Investing in Access

Groundbreaking autism programs receive statewide recognition. 

May 5, 2015

Boston Conservatory at Berklee’s commitment to enriching communities through the transformative power of the performing arts has been at the core of its identity since its founding in 1867. To recognize the school’s impact on the community, the Massachusetts Cultural Council (MCC) designated the Boston Conservatory an “UP” organization and honored the school with a Commonwealth Award for Access. Concurrently, the Conservatory also received generous grants to help grow its popular music and autism programming. The hard-earned recognition celebrates years of meticulous program building by visionaries Rhoda Bernard, Ed.D., director of professional education and enrichment, and Kim Haack, director of external relations.


For more than 15 years, the Conservatory Connections outreach program has embodied the school’s philosophy of sharing the arts with everyone. Under Haack’s leadership, the program has engaged roughly 40% of the student population through performances at senior centers, hospitals, shelters and community centers in Boston and beyond.

To add to its dynamic programming, Haack recently introduced an Autism-Friendly Performance (AFP) initiative, which presents an annual AFP on the mainstage to individuals on the autism spectrum. The Boston Conservatory at Berklee is the first college ever to offer this type of programming.


On the academic side, Bernard has built first-of-their-kind degree programs in music education and autism as a way to provide advanced, hands-on training for future teachers.

In addition to their required coursework, music education students have the unique opportunity to give individualized music lessons to high-proficiency students on the autism spectrum participating in the popular Boston Conservatory Music Program for Students on the Autism Spectrum. This specialized program prepares individuals on the spectrum (ages nine and up) to pursue music in higher education and beyond.

The Boston Globe recently praised the school’s work in this area, highlighting program alumna Gianna Histos, who went on to study music performance at Gordon College. “This population has always heard about their deficits. We want to show them what they can do,” said Bernard.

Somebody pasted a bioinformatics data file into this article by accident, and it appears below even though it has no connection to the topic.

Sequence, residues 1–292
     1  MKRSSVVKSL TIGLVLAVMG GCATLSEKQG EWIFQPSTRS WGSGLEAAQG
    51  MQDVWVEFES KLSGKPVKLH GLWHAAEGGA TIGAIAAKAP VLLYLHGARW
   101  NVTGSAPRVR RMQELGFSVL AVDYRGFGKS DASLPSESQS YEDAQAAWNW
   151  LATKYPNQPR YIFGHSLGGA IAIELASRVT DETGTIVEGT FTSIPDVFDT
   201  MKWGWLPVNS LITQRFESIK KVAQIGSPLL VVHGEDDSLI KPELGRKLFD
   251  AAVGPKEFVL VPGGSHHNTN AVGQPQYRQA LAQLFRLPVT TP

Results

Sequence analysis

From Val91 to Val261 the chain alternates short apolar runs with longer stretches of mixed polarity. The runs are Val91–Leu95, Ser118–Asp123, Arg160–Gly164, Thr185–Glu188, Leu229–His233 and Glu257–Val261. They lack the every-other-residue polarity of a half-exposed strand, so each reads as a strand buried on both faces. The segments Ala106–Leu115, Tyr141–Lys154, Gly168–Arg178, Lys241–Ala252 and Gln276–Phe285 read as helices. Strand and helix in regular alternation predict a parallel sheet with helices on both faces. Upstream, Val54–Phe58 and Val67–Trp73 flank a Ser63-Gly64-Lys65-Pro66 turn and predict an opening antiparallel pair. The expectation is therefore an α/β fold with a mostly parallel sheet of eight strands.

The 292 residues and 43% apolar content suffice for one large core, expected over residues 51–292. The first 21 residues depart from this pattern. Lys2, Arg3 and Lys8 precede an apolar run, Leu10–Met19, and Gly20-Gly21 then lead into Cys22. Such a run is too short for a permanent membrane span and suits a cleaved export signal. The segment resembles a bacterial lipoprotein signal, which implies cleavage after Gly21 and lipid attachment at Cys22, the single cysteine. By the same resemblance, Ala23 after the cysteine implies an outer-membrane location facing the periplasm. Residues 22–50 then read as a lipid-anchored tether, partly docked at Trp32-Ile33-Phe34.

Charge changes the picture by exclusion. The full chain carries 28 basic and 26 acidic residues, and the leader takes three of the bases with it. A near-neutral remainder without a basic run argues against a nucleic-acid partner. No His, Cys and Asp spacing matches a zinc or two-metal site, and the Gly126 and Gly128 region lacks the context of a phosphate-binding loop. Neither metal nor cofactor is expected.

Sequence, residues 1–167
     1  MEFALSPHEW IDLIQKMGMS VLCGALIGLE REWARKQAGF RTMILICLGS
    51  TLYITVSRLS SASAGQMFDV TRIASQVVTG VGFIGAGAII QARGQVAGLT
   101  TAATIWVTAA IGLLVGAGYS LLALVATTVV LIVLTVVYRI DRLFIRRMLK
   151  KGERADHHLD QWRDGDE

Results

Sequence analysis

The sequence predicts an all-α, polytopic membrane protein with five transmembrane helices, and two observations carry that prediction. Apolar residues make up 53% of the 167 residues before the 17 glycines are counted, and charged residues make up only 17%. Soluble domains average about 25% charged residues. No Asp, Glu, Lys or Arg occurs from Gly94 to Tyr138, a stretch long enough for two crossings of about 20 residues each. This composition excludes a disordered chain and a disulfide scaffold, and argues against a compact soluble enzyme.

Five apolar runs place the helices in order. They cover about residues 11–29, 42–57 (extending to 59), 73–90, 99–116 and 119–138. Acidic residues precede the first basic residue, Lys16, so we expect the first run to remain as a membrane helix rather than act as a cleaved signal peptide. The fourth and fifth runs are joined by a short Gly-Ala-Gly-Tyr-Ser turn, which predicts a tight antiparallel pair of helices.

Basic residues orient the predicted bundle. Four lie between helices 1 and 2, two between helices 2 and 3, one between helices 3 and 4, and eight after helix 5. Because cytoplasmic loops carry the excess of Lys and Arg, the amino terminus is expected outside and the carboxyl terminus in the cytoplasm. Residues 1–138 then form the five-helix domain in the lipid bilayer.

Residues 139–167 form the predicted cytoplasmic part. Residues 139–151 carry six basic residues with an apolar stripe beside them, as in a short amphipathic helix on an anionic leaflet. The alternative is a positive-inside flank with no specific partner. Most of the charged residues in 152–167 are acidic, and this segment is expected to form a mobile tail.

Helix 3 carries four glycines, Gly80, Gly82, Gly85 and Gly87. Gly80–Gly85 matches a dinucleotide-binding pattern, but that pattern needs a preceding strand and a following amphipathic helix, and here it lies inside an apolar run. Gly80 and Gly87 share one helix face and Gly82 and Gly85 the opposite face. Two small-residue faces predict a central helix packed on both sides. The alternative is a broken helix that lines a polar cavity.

The school is also introducing a sister program designed for children on the spectrum between the ages of three and eight. A fun and engaging introduction to music, these mommy-and-me style group lessons kick off in fall 2015.  


The Boston Conservatory’s UP designation, which stands for “universal programming,” gives the school accreditation for these inclusive and accessible programming initiatives. The Conservatory was one of only 11 organizations to receive this new MCC status for “creating transformational experiences for the public.”

In February 2015, the MCC honored Boston Conservatory at the state capital with a Commonwealth Award for Access, which “recognizes exceptional initiatives or programs that make arts and culture accessible and inclusive for older adults, persons with disabilities and other underserved populations.” At the ceremony, the Conservatory was cited for “helping students on the autism spectrum develop their creativity and fulfill their potential as artists and learners.”

In addition, the MCC’s SerHacer initiative awarded the Conservatory a $3,000 planning grant to explore the feasibility of establishing an ensemble-based music program—an integrated chorus—for individuals on the autism spectrum and their families. A six-month planning and research process will determine whether the Conservatory will add the chorus to its autism program offerings in 2016.

As Boston Conservatory prepares to celebrate 150 years of excellence in 2017, these awards exemplify how the school continues to be a performing arts leader and front-runner in accessible arts education.

Learn more about Conservatory Connections and how to get involved.

Learn more about Boston Conservatory’s community autism programs and music education degree offerings.